The adoptive transfer of ex vivo-expanded natural killer (NK) cells has recently been employed as an alternative cancer treatment in certain institutions. However, the safety profiles of this strategy remain uncharacterized. We evaluated three patients who exhibited elevated serum parathyroid hormone (PTH) levels without the relevant clinical manifestations and had a history of autologous NK cell therapy. The serum PTH concentration was measured using a second-generation PTH assay, and the serum thyroglobulin concentration was measured using a second-generation thyroglobulin assay. Subsequently, the PTH or thyroglobulin concentration obtained using heterophile-blocking tube (HBT) for a secondary confirmation assay was measured and compared with the result of the initial assay. The three patients had falsely elevated serum PTH and thyroglobulin levels owing to heterophile antibody interference associated with NK cell therapy that persisted for at least up to 12 months after the treatment and was confirmed by normalization of hormone levels after HBT treatment. We propose that certain types of mouse monoclonal antibodies used to stimulate NK cells can induce heterophile antibodies. Abnormal laboratory test results in individuals administered NK cell therapy without the relevant clinical manifestations must be examined in the context of heterophile antibody interference to avoid misdiagnosis and unnecessary testing.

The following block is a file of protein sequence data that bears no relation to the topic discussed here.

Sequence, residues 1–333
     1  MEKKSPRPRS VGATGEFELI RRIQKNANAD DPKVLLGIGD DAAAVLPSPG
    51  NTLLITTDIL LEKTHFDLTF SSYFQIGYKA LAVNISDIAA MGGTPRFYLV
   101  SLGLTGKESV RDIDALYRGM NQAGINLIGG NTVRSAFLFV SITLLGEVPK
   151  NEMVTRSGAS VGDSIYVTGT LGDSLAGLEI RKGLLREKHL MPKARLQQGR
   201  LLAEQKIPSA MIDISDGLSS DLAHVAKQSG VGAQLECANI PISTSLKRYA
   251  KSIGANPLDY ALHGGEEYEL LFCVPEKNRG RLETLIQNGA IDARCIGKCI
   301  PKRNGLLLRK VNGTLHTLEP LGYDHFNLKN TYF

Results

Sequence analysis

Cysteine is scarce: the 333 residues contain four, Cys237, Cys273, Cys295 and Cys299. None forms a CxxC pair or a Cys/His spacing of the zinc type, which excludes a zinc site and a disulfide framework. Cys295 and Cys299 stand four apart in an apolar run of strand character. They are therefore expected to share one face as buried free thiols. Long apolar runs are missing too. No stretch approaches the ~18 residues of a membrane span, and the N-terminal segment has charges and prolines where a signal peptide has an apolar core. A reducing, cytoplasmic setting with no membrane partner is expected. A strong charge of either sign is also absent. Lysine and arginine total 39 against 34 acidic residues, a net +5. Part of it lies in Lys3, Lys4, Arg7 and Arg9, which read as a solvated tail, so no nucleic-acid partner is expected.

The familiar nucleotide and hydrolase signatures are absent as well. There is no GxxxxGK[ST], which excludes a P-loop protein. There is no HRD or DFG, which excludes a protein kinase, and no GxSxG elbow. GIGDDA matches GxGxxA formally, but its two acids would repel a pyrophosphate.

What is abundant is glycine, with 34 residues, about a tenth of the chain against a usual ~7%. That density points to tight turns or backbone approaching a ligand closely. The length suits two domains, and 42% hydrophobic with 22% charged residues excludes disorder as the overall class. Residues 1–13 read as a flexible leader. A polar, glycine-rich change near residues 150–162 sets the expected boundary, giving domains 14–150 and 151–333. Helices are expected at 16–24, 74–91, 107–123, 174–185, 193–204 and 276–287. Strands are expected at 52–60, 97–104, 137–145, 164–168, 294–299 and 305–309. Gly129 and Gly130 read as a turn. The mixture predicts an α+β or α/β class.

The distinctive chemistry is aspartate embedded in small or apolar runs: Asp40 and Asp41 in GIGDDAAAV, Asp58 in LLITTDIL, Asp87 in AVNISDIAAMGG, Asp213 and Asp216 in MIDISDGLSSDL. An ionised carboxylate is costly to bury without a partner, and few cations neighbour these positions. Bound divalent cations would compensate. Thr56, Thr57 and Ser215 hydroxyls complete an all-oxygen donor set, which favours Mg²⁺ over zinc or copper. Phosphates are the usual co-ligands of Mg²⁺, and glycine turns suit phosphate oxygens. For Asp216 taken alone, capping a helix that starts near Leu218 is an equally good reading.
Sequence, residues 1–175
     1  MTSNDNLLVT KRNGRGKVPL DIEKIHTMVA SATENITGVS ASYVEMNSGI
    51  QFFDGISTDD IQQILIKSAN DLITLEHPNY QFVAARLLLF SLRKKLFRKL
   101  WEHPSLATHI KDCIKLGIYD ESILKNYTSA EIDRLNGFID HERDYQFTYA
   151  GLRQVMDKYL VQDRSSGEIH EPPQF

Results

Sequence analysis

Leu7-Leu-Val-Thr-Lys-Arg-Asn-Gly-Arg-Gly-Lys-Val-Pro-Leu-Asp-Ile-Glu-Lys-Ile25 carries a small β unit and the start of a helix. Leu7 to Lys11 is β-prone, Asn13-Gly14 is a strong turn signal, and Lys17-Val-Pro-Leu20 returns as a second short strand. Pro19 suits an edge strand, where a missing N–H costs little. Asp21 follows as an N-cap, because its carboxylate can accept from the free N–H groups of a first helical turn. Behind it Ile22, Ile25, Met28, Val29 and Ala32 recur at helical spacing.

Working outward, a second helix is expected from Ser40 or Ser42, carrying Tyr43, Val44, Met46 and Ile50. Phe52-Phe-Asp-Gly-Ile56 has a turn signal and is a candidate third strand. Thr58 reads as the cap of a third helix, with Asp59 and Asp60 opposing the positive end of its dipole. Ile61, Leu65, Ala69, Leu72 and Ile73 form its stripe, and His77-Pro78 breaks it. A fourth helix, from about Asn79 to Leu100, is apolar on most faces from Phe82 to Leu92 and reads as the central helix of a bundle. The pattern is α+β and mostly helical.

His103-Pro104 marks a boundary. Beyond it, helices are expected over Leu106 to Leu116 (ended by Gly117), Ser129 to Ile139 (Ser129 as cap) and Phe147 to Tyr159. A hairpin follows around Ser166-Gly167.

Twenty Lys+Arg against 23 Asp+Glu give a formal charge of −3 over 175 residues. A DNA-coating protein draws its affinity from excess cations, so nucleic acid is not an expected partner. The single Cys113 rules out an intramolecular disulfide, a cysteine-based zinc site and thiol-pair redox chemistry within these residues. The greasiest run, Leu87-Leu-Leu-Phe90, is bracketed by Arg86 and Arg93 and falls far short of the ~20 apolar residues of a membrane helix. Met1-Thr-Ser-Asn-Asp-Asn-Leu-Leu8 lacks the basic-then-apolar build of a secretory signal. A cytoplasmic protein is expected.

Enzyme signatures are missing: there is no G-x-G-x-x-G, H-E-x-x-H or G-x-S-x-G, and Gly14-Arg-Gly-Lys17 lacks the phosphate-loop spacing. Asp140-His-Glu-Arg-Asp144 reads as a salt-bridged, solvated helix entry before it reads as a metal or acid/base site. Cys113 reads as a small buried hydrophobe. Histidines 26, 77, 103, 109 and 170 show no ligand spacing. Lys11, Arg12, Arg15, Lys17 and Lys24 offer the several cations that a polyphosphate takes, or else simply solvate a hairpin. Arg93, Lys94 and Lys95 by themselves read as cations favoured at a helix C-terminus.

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© The Japan Endocrine Society.
All Science Journal Classification (ASJC) codes
- Endocrinology, Diabetes and Metabolism